Patients in the UK are wasting an estimated £300 million of unused medication a year which could be used to pay for life saving healthcare.
The large figure has led doctors across West Lancashire to encourage local patients to think about whether they need the medication that they’re ordering.
The money wasted on unused medication across the UK could be used to treat and care for other patients, and pay for one of the following :
• 11,778 more community nurses or
• 80,906 more hip replacements or
• 19,799 more drug treatment courses for breast cancer or
• 300,000 more drug treatment courses for Alzheimer’s or
• 312,175 more cataract operations
The waste comes mainly though prescription medicines which are ordered by patients but are not taken, usually because they have stopped using that particular medicine or have ordered it without thinking when getting other repeat prescriptions.
If you are not taking your medication, for whatever reason, you should talk to your pharmacist or doctor about it. Your prescriber may be able to safely stop a medication or consider an alternative.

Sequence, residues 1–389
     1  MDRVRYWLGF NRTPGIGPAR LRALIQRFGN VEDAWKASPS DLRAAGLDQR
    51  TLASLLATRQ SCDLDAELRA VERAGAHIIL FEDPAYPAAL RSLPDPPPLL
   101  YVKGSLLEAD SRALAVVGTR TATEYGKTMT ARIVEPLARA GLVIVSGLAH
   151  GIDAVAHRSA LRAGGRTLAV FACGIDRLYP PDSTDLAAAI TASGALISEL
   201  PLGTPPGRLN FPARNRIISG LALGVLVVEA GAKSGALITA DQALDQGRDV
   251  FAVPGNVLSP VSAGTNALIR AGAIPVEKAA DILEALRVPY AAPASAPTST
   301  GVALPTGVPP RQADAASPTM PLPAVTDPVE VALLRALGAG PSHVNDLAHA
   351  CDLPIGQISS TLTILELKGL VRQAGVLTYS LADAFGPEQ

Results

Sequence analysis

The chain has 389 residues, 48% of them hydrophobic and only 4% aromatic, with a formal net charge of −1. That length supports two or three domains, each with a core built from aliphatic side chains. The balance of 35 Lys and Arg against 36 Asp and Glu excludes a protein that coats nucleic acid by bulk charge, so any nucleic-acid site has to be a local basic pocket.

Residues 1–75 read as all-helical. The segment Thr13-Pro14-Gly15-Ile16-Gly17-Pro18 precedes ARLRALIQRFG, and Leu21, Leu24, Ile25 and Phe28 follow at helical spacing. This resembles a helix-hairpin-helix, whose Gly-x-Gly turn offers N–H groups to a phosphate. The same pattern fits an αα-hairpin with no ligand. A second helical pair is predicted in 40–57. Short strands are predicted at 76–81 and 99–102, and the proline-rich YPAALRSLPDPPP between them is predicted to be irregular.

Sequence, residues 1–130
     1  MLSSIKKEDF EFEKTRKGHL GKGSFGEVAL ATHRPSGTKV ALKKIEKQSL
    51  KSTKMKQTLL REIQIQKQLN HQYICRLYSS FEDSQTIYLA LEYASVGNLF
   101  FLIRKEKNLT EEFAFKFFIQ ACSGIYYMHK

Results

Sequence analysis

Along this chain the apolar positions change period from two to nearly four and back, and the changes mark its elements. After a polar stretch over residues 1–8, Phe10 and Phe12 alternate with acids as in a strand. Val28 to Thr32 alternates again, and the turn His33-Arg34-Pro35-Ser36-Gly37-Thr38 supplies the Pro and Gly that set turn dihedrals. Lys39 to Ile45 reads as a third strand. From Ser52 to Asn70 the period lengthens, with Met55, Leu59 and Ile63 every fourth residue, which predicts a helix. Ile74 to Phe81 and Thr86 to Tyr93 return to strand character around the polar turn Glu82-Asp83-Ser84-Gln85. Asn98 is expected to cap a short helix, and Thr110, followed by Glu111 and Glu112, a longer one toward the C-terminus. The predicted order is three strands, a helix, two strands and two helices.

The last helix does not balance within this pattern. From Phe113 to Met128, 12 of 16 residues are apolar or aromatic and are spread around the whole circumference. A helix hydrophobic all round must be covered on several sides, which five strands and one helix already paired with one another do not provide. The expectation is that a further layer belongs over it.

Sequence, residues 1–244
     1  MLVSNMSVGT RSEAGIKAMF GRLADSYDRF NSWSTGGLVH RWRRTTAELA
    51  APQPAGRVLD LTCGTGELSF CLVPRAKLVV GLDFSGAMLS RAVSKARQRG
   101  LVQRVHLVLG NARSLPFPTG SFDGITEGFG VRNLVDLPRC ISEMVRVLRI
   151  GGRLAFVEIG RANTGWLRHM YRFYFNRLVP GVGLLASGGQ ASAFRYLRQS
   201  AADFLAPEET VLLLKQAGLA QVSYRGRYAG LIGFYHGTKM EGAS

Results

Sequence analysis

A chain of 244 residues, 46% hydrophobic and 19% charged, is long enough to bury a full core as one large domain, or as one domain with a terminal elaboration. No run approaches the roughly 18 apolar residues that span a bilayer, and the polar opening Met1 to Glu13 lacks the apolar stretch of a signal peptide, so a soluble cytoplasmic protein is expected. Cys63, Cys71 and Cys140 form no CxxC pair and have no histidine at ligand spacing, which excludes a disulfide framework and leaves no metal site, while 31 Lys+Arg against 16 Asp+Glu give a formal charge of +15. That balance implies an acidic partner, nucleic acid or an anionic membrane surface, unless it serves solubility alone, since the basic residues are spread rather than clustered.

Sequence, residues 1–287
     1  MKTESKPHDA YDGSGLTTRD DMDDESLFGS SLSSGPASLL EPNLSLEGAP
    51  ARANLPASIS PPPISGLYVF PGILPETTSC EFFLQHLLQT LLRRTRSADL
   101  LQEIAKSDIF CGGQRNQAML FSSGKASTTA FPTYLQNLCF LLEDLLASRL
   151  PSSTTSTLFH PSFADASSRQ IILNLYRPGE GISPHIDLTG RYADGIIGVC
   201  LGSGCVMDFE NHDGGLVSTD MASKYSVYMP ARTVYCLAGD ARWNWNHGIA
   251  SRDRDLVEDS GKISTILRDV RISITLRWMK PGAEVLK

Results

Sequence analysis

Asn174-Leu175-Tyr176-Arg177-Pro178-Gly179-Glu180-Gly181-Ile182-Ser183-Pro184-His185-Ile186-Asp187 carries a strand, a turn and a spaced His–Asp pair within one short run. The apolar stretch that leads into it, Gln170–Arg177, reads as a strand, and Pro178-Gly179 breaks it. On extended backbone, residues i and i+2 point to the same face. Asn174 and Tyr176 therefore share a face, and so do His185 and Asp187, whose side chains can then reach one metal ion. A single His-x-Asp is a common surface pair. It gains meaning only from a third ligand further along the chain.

Dr Ros Bonsor, a local GP in Ormskirk and board member of NHS West Lancashire Clinical Commissioning Group (CCG), said:
“Sometimes people order everything on their repeat prescriptions when they may not need to, especially any ‘as required’ medications. We want people to think about what they’re ordering and consider whether they really need it; that £300 million is normally left at the back of the cupboard in the kitchen or bathroom.
“We want people to have a regular discussion with their pharmacist, prescribing doctor or nurse to review what they’re taking. By only ordering what you actually need, you’ll be helping your local NHS to direct money at vital healthcare services. Dispensed medicines cannot be recycled even if the packet has not been opened.”
As part of the focus on wasted medicines, NHS West Lancashire CCG will be creating posters to help remind patients to think about what they are ordering. These will be displayed in GP practices, community centres and many other public places.